On 19 March 2018, the author was revealed to be Henry (H. J. A.) Sire, born in 1949 at Barcelona of French ancestry.[1] According to The Tablet, Sire, a historian and member of the Knights of Malta, had lived in Rome at the Knights' Grand Magistry Palace on the Via dei Condotti from 2013 to 2017 while researching for his book The Knights of Malta: A Modern Resurrection, at the behest of Fra’ Matthew Festing, the former Prince & Grand Master.[1] Sire had studied in England at Stonyhurst College (a Jesuit institution) and at Exeter College, Oxford, before establishing himself as a Catholic historian. After Sire was revealed to be the author, the leadership of the Knights of Malta, now under Fra’ Giacomo dalla Torre del Tempio di Sanguinetto, suspended Sire's membership and distanced themselves from his critique of Pope Francis.[1][16]

References

  1. ^ a b c d "'Dictator Pope' author suspended by Order of Malta". The Tablet. 22 March 2018. Archived from the original on 22 March 2018. Retrieved 22 March 2018. 
  2. ^ a b c d e f g h i j k Dan Hitchens (12 December 2017). "'The Dictator Pope': a mixture of hearsay and insight". Catholic Herald. Archived from the original on 1 January 2018. Retrieved 31 December 2017. 
  3. ^ Damian Thompson (23 December 2017). "Time is running out for the 'Dictator Pope' as a new scandal hits Rome". The Spectator. Archived from the original on 30 December 2017. Retrieved 31 December 2017. 
  4. ^ a b c d Tess Livingstone (1 December 2017). "The Dictator Pope book sparks witch hunt in Rome". The Australian. Retrieved 31 December 2017. (Subscription required (help)).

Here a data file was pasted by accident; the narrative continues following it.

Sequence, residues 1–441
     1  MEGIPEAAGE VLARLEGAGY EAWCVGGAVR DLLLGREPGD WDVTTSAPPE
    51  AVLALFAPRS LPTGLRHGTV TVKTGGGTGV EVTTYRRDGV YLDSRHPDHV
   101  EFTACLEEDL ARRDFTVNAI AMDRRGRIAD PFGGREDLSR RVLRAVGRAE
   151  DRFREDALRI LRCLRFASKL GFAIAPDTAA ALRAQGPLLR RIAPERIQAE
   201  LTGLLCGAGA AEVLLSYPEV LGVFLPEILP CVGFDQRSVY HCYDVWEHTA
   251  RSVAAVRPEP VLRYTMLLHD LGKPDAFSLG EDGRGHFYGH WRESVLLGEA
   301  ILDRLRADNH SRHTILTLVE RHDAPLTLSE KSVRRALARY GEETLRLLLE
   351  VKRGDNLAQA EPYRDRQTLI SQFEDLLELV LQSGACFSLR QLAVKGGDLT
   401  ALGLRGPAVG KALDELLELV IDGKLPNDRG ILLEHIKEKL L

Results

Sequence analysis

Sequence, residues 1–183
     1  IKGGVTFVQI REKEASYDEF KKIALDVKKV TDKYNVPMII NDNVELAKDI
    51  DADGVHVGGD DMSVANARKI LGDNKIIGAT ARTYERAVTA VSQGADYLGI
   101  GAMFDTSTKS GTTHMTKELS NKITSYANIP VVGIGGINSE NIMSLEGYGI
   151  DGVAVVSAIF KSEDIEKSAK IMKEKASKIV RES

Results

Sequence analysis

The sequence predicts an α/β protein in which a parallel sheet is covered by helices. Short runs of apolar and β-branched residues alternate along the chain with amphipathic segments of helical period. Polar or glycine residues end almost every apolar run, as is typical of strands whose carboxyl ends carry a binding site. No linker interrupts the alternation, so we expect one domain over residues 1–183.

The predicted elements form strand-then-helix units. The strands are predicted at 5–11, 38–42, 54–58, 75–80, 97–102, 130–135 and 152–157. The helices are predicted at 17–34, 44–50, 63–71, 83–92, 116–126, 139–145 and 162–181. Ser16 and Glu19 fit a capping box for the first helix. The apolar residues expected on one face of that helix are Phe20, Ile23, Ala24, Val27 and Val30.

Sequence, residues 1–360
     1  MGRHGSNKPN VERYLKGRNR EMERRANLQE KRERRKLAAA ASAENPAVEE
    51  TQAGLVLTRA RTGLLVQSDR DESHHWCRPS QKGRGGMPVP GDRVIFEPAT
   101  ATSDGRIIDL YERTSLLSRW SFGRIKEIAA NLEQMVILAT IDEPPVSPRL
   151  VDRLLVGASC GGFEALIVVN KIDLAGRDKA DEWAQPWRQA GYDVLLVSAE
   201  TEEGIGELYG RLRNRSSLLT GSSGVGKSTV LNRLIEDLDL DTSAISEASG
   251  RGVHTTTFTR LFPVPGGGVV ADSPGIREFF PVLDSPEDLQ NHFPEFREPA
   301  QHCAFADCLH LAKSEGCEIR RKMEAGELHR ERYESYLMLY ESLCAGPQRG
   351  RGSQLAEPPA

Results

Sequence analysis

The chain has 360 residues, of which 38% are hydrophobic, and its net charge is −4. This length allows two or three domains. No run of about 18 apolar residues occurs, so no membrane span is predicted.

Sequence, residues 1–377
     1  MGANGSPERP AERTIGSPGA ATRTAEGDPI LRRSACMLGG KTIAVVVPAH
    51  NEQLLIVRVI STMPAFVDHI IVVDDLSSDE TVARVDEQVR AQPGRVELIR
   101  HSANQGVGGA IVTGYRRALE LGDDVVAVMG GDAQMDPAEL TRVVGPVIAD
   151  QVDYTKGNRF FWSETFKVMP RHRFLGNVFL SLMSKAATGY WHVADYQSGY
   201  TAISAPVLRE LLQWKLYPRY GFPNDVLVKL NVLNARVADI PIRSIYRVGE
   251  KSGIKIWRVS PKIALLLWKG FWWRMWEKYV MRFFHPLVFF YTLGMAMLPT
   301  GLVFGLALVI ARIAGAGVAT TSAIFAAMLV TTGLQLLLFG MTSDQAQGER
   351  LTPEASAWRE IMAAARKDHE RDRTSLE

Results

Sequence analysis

5. ^ P. J. Smith (1 December 2017). "The Curial Sidelines". First Things. Archived from the original on 1 January 2018. Retrieved 31 December 2017. 
  6. ^ Montaga, Diane (11 December 2017). "EXCLUSIVE: LifeSite interviews mysterious author of 'The Dictator Pope'". LifeSiteNews. Archived from the original on 1 January 2018. Retrieved 31 December 2017. 
  7. ^ Royal, Robert (6 December 2017). "The Dictator Pope". The Catholic Thing. Archived from the original on 1 January 2018. Retrieved 31 December 2017. 
  8. ^ Skojec, Steve (5 December 2017). "The Dictator Pope: A Must-Read Book, Available Now". One Peter Five. Archived from the original on 12 January 2018. Retrieved 31 December 2017. 
  9. ^ Ferrara, Christopher A (15 December 2017). "The Dictator Pope: A Call to Hierarchical Opposition". The Remnant. Archived from the original on 1 January 2018. Retrieved 31 December 2017. 
  10. ^ a b Niles, Christine (17 December 2017). "CM Exclusive: Author of 'The Dictator Pope' Speaks". Church Militant. Archived from the original on 23 December 2017. Retrieved 31 December 2017. 
  11. ^ Montaga, Diane (11 December 2017). "EXCLUSIVE: LifeSite interviews mysterious author of 'The Dictator Pope". LifeSiteNews. Archived from the original on 1 January 2018. Retrieved 31 December 2017. 
  12. ^ a b c Hitchens, Dan (13 December 2017). "'They will unmask me eventually,' says author of 'The Dictator Pope'". Catholic Herald. Archived from the original on 1 January 2018. Retrieved 31 December 2017. 
  13. ^ Lawler, Philip F (13 December 2017). ""The Dictator Pope" is sometimes frustrating, but filled with valuable insights and information". Catholic World Report. Archived from the original on 1 January 2018. Retrieved 31 December 2017. 
  14. ^ Reporter, Staff (5 December 2017). "'Dictator Pope' book causes stir in Rome". Catholic Herald. Archived from the original on 1 January 2018. Retrieved 31 December 2017. 
  15. ^ Di Mattei, Roberto (29 November 2017). "Cardinals Burke, Brandmüller, Müller and the "Dictator Pope"". Corrispondenza Romana. Archived from the original on 1 January 2018. Retrieved 31 December 2017. 
  16. ^ "'Dictator Pope' author Henry Sire suspended from Order of Malta". The Catholic Herald. 22 March 2018. Archived from the original on 22 March 2018. Retrieved 22 March 2018. 

External links

  • Discussion of "The Dictator Pope" on Holy Smoke at The Spectator